Cultural Travel to Oceanic Land

Cultural travel to the South Pacific is a trip of a lifetime. For years, I have been attracted to objects of art and wonder created by people who live in Borneo, Pau Pau New Guinea, and Indonesia. Oceanic artwork and objects from this area of the world reflect the beliefs and rich traditions of the people who live there. This is a cultural traveler’s dreamland. It is one of the last frontiers where masses of tourists find it too far to travel to. The textiles and carved wooden objects are really quite amazing. Borneo is the third largest island in the world. Located north of Java, Indonesia, Borneo’s rainforest is 130 million years old.  Sandra Scott reveals her take on the Island of Borneo.

NepGrower- Indigenous plant to Borneo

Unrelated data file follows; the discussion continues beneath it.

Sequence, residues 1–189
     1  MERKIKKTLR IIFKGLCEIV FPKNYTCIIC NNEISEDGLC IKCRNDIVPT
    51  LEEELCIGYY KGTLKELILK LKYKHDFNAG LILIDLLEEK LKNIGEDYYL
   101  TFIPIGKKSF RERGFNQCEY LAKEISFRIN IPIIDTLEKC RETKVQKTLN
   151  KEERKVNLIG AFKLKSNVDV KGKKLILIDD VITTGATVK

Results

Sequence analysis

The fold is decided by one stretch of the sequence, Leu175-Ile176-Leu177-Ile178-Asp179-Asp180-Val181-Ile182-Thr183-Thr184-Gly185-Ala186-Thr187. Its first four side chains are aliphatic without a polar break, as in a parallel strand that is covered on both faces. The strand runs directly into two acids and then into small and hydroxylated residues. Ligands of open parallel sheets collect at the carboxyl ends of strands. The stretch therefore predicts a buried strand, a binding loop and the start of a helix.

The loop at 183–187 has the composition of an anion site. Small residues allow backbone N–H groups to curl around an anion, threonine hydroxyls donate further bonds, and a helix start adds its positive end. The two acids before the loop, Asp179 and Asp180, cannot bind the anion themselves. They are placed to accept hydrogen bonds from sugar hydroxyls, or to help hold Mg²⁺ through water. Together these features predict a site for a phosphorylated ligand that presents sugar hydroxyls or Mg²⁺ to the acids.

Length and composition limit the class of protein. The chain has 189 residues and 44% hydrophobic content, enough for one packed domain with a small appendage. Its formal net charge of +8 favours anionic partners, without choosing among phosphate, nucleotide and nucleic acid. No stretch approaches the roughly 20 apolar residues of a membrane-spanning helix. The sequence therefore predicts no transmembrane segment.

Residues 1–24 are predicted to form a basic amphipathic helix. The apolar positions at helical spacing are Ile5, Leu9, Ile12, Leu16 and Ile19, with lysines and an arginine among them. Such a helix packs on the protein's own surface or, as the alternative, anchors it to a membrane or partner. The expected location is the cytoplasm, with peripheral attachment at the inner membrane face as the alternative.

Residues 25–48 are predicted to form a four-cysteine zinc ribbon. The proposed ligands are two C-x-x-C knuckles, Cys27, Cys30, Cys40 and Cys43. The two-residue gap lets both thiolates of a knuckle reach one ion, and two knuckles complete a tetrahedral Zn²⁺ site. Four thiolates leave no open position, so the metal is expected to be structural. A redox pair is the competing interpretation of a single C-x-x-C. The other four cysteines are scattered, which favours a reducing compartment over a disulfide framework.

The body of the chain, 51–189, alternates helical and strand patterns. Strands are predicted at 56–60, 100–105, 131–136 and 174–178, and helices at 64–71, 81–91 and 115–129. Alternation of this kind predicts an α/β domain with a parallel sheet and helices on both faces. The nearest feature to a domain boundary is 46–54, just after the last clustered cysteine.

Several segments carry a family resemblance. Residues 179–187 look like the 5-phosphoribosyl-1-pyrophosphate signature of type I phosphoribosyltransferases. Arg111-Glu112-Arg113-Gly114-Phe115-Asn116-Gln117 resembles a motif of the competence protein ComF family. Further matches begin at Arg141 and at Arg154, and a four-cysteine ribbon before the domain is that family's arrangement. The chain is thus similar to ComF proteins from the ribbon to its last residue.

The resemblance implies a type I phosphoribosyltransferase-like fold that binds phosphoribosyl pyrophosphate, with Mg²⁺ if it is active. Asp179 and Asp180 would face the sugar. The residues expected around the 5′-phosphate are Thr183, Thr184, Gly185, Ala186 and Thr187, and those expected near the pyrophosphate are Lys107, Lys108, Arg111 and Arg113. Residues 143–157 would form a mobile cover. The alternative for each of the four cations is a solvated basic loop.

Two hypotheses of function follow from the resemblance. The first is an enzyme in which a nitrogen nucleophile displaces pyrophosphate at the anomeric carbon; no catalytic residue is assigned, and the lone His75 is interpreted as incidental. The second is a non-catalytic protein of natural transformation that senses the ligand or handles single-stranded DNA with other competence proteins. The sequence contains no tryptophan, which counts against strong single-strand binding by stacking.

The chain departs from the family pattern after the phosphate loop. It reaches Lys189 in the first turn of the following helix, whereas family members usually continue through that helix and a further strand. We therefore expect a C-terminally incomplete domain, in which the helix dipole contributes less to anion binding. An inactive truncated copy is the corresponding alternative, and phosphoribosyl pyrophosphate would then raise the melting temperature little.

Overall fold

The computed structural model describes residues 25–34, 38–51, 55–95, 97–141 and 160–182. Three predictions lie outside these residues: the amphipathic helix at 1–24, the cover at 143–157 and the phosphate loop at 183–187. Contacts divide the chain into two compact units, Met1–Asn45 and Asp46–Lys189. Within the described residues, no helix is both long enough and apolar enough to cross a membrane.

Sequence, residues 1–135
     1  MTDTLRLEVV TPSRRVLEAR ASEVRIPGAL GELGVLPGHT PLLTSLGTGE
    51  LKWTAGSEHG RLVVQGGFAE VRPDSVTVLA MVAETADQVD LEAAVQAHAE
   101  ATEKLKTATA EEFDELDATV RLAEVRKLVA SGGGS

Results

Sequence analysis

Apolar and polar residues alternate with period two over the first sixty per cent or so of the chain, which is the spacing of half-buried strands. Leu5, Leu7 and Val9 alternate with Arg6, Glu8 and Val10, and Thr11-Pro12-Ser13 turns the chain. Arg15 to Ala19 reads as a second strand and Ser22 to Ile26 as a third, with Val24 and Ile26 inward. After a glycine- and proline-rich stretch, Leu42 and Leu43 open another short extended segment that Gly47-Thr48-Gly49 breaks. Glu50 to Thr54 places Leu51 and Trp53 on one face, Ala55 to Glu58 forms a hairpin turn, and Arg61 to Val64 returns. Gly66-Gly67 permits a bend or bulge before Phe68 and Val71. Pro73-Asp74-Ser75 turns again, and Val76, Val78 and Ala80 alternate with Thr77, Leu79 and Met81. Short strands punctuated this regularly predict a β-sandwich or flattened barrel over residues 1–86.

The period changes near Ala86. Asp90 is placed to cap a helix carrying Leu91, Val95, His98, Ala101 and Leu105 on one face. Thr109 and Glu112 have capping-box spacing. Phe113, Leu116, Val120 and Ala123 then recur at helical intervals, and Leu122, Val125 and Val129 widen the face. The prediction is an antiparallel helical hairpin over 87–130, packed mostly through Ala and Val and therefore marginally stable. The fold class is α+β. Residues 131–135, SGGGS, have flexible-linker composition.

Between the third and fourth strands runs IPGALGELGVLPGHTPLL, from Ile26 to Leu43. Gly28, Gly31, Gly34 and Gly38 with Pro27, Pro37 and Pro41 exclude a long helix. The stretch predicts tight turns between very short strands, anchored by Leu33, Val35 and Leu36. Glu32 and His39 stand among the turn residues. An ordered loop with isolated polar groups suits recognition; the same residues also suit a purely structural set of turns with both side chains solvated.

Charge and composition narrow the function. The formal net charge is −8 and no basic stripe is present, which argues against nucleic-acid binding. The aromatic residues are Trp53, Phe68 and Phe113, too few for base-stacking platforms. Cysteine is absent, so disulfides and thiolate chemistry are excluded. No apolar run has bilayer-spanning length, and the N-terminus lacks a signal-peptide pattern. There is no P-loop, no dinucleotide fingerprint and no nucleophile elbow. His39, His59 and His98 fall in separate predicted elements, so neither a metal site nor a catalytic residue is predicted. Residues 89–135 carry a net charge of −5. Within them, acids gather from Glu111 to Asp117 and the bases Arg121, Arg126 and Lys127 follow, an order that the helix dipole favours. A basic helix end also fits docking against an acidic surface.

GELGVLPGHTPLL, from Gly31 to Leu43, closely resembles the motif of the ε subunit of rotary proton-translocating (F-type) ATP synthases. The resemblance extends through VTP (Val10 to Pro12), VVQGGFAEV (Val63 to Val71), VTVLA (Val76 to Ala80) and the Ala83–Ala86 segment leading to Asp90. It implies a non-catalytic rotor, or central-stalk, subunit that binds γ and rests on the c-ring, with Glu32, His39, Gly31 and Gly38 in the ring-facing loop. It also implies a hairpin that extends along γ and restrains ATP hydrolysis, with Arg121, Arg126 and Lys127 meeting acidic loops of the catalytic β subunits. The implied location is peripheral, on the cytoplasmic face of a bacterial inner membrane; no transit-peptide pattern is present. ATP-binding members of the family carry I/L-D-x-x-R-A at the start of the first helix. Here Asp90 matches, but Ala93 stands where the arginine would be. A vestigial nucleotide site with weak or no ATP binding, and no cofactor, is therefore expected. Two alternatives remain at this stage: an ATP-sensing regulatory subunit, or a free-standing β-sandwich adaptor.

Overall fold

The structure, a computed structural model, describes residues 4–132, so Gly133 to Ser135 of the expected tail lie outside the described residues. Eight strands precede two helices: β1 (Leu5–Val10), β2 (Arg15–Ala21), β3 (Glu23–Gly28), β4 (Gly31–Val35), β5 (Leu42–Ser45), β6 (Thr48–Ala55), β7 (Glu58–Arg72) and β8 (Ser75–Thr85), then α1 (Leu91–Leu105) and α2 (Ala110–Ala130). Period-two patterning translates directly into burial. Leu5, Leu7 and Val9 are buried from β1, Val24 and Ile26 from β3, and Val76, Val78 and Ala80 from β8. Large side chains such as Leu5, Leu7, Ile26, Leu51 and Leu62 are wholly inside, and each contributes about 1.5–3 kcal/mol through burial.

NepGrower- Indigenous plant to Borneo

The name “Borneo” may conjure up images of people living in a primitive manner, but Kota Kinabalu is a dynamic city with malls, four-lane highways and even Burger Kings. I am always interested in learning about various ethnic groups and their lifestyles. Even though in the remote parts of Borneo some people still follow a traditional way of life the best place to learn about the different groups is at a cultural village.


Oceanic people and oceanic places are truly natural wonders  for the cultural traveler. Approximately 73% of the Island of Borneo is Indonesian territory. Indonesia, Borneo, and the South Pacific offers the cultural traveler a view into the rich diversity of people, place, history, flora and fauna, and wildlife. You can make your plans to go now, before it becomes the world’s newest tourist stop. Read Sandra Scott’s article here.


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